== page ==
Energy Issues

Costs PicNot every form of renewable energy is cost-competitive with fossil fuels regardless of location. But in every corner of the United States, sources of renewable energy are competing with fossil fuels on cost.

Thanks to recent technological advances, the cost of electricity generation from renewable sources has plummeted over the last few years. Wind energy is already cheaper than any other form of electricity generation on average, and both utility-scale PV solar and geothermal energy have reached grid parity, according to financial advisor Lazard.1
Lazard, September 2014

The solar industry offers a stark example of the plummeting cost of renewables. The price of solar panels dropped by 80% from 2008 to 2012.2
Bloomberg, September 2012
That has consistently resulted in cheaper solar installations, and a majority of the cost of solar installations now comes from “soft costs” – not hardware.3
National Renewable Energy Laboratory, October 2013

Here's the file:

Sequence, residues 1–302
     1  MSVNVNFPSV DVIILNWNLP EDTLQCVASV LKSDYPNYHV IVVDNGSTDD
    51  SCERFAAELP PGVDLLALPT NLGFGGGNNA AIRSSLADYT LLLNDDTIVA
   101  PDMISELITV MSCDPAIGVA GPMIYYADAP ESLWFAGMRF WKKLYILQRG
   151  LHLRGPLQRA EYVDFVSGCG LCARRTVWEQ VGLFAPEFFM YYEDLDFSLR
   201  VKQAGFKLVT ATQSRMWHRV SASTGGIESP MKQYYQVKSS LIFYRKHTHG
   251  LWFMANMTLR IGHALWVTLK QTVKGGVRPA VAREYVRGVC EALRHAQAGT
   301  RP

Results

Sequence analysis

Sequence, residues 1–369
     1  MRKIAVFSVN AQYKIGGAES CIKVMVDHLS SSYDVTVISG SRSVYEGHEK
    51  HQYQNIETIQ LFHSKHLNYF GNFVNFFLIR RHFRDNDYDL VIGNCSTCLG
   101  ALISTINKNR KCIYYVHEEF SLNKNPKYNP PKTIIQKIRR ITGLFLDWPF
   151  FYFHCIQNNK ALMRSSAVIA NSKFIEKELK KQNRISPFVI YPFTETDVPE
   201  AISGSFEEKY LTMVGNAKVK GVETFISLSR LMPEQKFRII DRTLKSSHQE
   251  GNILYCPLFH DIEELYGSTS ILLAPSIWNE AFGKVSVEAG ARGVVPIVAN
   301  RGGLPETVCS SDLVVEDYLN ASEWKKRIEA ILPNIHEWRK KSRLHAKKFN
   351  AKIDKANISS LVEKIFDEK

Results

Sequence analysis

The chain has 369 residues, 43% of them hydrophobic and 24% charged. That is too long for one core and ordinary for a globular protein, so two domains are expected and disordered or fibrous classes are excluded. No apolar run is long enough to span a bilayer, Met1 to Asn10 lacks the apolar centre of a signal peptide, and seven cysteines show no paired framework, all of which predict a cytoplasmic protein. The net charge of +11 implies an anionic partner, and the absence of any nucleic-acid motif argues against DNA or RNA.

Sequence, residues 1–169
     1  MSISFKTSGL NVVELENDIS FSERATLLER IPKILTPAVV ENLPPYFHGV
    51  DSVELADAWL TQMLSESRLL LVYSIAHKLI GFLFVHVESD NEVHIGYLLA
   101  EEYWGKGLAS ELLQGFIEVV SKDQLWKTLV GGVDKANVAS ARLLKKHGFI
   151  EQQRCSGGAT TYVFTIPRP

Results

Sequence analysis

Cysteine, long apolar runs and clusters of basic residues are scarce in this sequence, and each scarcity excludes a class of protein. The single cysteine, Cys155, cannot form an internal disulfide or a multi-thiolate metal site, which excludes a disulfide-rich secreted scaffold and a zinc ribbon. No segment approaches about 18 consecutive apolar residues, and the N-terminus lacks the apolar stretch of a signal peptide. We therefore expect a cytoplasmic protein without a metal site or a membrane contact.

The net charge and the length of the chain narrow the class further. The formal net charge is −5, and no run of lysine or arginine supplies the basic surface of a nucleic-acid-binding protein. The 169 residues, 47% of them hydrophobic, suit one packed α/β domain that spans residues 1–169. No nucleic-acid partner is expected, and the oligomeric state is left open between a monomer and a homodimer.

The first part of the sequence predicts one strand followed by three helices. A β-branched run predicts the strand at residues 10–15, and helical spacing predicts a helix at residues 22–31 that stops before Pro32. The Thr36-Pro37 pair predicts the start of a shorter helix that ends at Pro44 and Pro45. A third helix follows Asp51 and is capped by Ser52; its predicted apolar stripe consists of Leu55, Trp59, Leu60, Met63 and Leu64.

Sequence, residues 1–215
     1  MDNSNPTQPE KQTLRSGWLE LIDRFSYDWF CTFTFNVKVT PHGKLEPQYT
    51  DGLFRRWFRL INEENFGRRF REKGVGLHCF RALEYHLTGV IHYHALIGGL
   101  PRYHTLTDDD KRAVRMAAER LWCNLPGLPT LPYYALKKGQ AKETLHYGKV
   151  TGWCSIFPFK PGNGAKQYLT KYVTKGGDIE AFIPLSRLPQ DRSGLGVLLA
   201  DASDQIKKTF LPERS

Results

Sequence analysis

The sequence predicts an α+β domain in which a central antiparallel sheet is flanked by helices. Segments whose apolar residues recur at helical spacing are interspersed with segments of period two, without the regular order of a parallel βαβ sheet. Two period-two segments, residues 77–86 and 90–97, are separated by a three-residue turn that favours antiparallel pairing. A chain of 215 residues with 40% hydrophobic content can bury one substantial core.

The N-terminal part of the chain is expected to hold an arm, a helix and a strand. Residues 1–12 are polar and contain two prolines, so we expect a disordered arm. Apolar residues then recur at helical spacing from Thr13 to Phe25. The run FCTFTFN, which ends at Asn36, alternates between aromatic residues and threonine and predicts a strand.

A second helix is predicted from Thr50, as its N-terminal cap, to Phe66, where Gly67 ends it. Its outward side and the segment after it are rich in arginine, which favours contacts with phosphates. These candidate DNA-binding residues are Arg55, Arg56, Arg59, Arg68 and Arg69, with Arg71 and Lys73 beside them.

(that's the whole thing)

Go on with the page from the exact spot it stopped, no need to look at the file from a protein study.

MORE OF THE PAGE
However, the cheapest form of electricity – and the cleanest – is the one that’s not generated. According to the American Council for an Energy-Efficient Economy, it costs U.S. utilities an average of $0.028 to save a kW/h of electricity. That’s anywhere from 50% to 66% less than the average cost to generate a kW/h of electricity.4
American Council for an Energy-Efficient Economy, March 2014

  Jul 09, 2015  |    Bloomberg, July 2015

  Apr 23, 2015  |    Acadia Center, April 2015

  Apr 23, 2015  |    Lazard, September 2014

  Apr 21, 2015  |    SEIA, May 2013

  Aug 07, 2014  |    Times-Tribune

  Jul 29, 2014  |    U.S. EPA

  Jul 21, 2014  |    The Brattle Group

  Jul 16, 2014  |    Interstate Renewable Energy Council

  Jun 19, 2014  |    Boston Globe

  Jun 17, 2014  |    KSNW

  Jun 04, 2014  |    ABC News

  Jun 02, 2014  |

  May 09, 2014  |    CleanTechnica

  Mar 18, 2014  |    PV Magazine

  Mar 06, 2014  |    SEIA



  Jan 24, 2015


  Jan 24, 2015

Latest Tweets

By scaling up #renewableenergy, GCC could save 11 trillion liters of water—a 16% decrease in the region
The #solar industry now employs nearly 209 thousand Americans—that's 123% more than in 2010
The cleanest kW/h of electricity is the one that’s not generated. Read: #energyefficiency
The 5 states w/ the most installed #solar & #wind capacity had the lowest rise in electricity prices from 2005-2010.
Check out these charts to see how #renewables will continue to be important for our energy future. via @ENERGY